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Rebounding in the job market: Top three job sectors expected to hire in 2021

'We’re poised for a robust economic recovery'
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Posted at 5:00 AM, Dec 29, 2020
and last updated 2020-12-29 17:03:57-05

There are a lot of questions about the ability of the employment market to rebound in 2021. However, employment officials point to three top areas with current job opportunities that will continue into the new year: logistics and trucking, medical and information technology.

“For folks who are in those industries, you can get work, and you can probably get work for the foreseeable future,” said Kevin Holt, director of Ohio Means Jobs for Cincinnati and Hamilton County.

The expectation of a turnaround in the job market next year is consistent with some early signs Ohio jobs officials said they are seeing. According to Kimberly Henderson, director of the Ohio Department of Jobs and Family Services, there already has been growth in manufacturing, retail and temporary agencies. But the largest growth sector is expected to be in medical jobs for several years to come.

“Especially within doctors' offices and outpatient clinics,” she said. “We believe we’re poised for a robust economic recovery. The early signs are underway, and we expect more of that certainly into next year.”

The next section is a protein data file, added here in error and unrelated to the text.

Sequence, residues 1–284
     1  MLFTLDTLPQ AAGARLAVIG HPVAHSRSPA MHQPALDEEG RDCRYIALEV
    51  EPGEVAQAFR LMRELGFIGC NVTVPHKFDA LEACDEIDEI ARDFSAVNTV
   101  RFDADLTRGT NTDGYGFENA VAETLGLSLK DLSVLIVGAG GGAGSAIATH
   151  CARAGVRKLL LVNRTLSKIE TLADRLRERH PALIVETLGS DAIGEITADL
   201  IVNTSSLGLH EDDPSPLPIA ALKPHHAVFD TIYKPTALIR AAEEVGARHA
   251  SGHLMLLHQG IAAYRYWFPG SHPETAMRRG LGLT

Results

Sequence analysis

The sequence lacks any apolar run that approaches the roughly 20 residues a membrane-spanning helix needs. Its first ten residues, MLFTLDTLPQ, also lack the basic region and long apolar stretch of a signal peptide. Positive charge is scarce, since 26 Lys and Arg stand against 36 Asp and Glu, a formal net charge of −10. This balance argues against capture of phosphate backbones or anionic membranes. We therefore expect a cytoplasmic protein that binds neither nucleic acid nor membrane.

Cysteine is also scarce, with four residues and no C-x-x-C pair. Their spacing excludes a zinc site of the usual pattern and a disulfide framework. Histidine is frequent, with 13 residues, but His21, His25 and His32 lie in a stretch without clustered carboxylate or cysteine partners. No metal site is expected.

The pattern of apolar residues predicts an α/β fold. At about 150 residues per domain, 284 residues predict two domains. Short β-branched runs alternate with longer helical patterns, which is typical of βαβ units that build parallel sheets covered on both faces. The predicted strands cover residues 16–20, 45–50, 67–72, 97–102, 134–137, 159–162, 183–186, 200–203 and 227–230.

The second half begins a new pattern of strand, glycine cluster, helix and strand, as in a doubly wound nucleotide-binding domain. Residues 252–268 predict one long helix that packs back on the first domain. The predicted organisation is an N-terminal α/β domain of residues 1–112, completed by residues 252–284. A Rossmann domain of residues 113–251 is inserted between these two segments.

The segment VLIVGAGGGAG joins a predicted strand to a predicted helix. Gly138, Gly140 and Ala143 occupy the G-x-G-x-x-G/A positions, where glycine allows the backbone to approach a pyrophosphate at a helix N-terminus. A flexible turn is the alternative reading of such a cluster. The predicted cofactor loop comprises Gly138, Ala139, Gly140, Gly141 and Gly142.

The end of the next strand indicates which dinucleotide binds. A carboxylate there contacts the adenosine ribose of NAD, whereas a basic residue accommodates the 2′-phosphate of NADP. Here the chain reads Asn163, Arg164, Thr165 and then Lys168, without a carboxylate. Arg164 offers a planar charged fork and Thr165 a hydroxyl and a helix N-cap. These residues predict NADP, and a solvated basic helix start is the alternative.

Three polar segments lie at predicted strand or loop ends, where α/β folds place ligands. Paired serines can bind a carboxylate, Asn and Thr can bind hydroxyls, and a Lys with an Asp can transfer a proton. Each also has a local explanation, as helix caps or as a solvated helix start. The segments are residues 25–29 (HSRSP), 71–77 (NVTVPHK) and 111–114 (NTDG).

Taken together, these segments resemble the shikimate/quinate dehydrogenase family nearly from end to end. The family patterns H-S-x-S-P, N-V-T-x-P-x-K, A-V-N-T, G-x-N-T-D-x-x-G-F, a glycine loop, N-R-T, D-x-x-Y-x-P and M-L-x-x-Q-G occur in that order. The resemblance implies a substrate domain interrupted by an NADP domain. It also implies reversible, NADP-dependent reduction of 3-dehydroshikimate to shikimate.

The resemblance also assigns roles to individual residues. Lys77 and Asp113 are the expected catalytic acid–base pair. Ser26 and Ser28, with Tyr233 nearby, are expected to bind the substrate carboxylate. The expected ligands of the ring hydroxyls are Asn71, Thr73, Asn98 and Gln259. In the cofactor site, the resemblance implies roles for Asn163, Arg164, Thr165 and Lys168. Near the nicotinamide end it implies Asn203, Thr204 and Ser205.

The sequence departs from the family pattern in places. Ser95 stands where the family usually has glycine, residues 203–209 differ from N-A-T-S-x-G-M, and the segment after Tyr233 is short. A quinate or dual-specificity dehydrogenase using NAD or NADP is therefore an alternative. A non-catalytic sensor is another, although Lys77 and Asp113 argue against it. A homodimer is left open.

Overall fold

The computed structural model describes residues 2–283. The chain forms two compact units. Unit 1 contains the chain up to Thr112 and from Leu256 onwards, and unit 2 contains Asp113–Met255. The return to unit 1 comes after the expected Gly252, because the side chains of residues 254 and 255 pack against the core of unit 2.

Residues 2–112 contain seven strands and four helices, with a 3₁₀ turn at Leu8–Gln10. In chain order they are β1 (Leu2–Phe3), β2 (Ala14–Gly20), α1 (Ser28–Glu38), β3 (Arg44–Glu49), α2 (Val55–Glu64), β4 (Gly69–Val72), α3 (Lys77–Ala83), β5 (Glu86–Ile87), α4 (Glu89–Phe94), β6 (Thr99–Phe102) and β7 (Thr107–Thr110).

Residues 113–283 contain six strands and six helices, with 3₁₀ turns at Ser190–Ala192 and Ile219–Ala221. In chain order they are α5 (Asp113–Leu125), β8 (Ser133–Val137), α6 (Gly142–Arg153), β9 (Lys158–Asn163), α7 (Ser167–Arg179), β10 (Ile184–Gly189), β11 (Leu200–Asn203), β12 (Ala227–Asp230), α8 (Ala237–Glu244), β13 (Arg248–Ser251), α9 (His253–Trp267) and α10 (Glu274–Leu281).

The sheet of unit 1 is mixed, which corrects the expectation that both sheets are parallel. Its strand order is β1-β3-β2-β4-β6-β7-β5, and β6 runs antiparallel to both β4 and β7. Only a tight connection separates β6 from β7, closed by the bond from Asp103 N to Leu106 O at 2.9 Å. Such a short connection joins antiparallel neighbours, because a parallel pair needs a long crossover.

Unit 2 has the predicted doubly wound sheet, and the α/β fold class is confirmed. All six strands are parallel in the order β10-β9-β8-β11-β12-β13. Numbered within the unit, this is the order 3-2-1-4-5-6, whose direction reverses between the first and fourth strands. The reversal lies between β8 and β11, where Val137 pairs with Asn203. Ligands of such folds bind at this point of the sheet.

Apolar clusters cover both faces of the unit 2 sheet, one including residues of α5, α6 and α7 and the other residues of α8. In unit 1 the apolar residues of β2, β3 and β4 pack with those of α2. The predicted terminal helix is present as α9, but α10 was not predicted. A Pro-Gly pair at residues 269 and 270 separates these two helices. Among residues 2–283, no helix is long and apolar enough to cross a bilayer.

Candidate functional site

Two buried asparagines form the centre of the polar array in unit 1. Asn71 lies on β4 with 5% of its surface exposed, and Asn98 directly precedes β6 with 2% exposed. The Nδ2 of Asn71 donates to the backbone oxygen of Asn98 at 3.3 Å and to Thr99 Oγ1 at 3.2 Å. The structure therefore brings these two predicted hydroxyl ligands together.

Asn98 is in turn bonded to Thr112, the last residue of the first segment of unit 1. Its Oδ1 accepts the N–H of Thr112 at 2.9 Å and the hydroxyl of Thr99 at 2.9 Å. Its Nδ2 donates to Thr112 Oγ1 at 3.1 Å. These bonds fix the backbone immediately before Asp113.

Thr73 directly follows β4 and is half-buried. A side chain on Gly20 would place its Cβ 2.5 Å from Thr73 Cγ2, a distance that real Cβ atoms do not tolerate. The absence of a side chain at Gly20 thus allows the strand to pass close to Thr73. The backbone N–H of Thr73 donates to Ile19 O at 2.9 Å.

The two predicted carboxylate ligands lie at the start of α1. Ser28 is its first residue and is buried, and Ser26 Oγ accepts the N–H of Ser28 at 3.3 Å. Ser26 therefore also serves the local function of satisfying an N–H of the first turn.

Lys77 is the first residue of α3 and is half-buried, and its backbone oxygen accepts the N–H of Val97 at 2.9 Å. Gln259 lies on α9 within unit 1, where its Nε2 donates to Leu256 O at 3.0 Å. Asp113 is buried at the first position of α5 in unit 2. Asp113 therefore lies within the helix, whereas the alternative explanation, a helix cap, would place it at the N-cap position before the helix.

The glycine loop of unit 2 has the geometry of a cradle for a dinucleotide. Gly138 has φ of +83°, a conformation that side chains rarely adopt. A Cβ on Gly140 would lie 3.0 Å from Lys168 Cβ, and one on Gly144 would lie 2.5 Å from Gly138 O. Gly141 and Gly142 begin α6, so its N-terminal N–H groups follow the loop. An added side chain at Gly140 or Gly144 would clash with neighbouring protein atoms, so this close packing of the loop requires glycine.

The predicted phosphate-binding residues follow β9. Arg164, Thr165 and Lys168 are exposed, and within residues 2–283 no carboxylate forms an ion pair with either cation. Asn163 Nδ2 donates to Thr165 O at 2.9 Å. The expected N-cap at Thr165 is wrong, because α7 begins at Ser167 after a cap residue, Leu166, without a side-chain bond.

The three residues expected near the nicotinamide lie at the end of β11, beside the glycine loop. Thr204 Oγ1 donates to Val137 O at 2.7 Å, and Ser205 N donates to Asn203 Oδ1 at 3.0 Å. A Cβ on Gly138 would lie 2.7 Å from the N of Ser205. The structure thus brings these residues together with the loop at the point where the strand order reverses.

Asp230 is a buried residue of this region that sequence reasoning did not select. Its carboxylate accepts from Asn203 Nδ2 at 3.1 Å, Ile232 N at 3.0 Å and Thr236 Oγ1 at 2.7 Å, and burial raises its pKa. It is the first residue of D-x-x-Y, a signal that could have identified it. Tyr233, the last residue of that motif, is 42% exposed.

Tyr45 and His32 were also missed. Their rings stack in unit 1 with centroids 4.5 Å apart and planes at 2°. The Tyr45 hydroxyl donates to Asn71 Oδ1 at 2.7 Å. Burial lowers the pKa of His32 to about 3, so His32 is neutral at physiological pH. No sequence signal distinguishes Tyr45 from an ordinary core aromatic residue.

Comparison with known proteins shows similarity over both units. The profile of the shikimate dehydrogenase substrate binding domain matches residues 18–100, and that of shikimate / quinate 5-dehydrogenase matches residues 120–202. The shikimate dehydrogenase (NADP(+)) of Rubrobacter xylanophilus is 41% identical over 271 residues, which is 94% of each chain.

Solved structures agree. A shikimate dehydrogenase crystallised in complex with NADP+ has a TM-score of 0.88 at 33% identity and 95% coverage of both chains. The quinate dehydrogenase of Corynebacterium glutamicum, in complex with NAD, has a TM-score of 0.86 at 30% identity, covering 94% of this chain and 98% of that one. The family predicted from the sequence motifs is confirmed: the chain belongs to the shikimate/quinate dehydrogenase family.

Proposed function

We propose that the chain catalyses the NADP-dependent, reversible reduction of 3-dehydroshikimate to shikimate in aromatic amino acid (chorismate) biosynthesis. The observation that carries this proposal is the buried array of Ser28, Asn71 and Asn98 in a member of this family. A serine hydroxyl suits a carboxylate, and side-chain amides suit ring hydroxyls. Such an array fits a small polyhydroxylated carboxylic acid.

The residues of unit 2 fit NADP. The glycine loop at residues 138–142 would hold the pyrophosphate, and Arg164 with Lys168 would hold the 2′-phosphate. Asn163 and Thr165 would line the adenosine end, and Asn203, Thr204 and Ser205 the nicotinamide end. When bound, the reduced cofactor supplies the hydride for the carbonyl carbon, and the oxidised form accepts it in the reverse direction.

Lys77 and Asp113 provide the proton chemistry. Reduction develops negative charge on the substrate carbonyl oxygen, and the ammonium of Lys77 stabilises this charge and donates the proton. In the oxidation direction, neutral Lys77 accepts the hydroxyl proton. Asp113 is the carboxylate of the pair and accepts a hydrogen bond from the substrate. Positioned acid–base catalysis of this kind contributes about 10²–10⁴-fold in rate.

Holt said the desire is to get workers into jobs that offer a living wage. In addition to medical fields, he believes there are some industries with a faster track to well-paying jobs.

“The biggest, easiest way to get into a living-wage job right now with training or without it is trucking and logistics,” Holt said. “If working with Amazon or so many of these companies that are moving things around the country, and whether that’s warehouse-based or trucking-based, you can get jobs right now.”

Wait and see

Currently, unemployment in the state of Ohio is at 5.7%, based on the latest numbers available for the month of November. It's 5.6% in Kentucky and 5% in Indiana. The numbers are lower than we saw earlier in 2020; however, Holt believes there is more to the numbers.

"We think that’s technically true, but it doesn’t reflect reality,” said Holt. “You’ve got a bunch of people waiting on the sidelines who may or may not return to the economy.”

He said some who are unemployed are waiting to see what happens next. They want to see what happens to wages, the economy and other things like childcare services and exposure to COVID-19.

“To both employers and job seekers, it’s made people gun-shy. People are very slow to take risks. They’re not going to leave their house to work for $13 an hour in an environment where they’re exposed to COVID,” Holt said.

Meanwhile, employers in some industries want to know what the post-COVID economy looks like, according to Holt. With a vaccine now becoming available, the pace of how quickly people are able to get access to the vaccine could potentially have an impact on job openings.

“I think our collective hope is the vaccine will open a lot of doors, allay a lot of fears, let a lot of employers hire and let a lot of job seekers accept those job offers,” Holt explained.

Paid training available